Your house's emblem should not be the white rose but the old sign of eternity [...] the snake which eats itself. The sons of York will destroy each other, one brother destroying another, uncles devouring nephews, fathers beheading sons. They are a house which has to have blood and they will shed their own if they have no other enemy.
It was interesting to read Philippa Gregory's The White Queen last week, in the run-up to the wedding of Prince William to Catherine Middleton. The White Queen also opens with a royal wedding between King Edward IV York, to Elizabeth Woodville, a beautiful young widow of the opposing house of Lancaster.
Not for Edward and Elizabeth is there a carriage ride watched by billions, months of hype, houses draped in flags and bunting and a Knit Your Own Royal Wedding book published especially for the occasion. Edward and Elizabeth's marriage takes place in haste and in secrecy before the latest battle in the War of the Roses, before a handful of witnesses. After the event, Elizabeth's brother casts doubt on the validity of the marriage, witnessed by three women and a young boy, and warns her that it would be easy for the King to claim that he had never been legally married and prove it all to be a ploy to get Elizabeth into his bed.
Ms Gregory demonstrates this marriage to be a whole-family affair. There is not just a new queen, but her whole family becomes embroiled in politics at a very turbulent time. Philippa Gregory shows a different side to the story from that of the history books, focusing on the role of the women behind the scenes. From the moment of her marriage, Elizabeth has to keep her wits about her at all times, as she gets mixed up in a world of scheming and treachery, obsessive ambition and murder, in a seemingly endless cycle of revenge. Elizabeth describes how her rival, Margaret of Anjou, "will not accept her defeat, she will plot and scheme for her son, just as Edward told me, that I must plot and scheme for ours. She will never stop until she is back in England and the battle is drawn up again. She will never stop until her husband is dead, her son is dead, and she has no one left to put on the throne. This is what it means to be Queen of England in this country today." But once Margaret of Anjou has ceased to be a threat, new claimants for the throne rise. As described in the quote at the top of the page, when there are no threats to Edward's rule from outside his house, his own brothers turn against him and each other, and with each betrayal, Elizabeth vows vengeance. The book paints a bitter picture of how unforgiveness destroys and is never satisfied.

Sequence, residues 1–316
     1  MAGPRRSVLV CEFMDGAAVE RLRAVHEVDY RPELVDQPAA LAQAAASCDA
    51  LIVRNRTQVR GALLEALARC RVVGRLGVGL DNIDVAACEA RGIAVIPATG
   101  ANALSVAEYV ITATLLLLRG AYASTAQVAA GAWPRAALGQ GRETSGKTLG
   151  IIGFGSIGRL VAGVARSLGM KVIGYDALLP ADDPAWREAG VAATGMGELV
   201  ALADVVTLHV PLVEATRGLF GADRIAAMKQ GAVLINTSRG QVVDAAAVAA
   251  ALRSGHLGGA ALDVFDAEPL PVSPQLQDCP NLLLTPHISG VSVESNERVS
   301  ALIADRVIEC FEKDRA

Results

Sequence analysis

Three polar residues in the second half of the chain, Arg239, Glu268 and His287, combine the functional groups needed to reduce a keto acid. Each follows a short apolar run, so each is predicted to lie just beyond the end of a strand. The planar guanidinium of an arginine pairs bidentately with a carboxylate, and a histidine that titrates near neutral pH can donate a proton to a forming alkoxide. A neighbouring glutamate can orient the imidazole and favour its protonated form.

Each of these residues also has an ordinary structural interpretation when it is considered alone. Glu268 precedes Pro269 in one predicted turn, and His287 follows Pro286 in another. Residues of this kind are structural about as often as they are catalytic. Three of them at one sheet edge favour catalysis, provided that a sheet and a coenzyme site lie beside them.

The White Queen is set earlier than Gregory's usual era (The Tudors) and I confess I have little memory of my history lessons before the resolution of the war covered in this novel - see the first episode of Blackadder to see how that might or might not have turned out. I also found it a little confusing for the sheer number of people named Edward and Richard, and the different names and titles of other characters. But once I got my head around who was who, I was fascinated by the twists and turns, the to-and--fro of the houses' fortunes, culminating in the disappearance of Elizabeth's sons to King Edward, well-known as "the Princes in the Tower." Being a historical novel based upon real people, it is difficult to work out how much of the story is true and how much is speculation, although Gregory's note at the back explains some of her decisions for the direction of the plot. With conflicting theories and sources available to her, Gregory had to choose her own theories about the most likely truth, although she does not provide any definite answer.
Philippa Gregory has written a companion novel: The Red Queen, from the perspective of the "other side:" Margaret Beaufort, mother of Henry Tudor.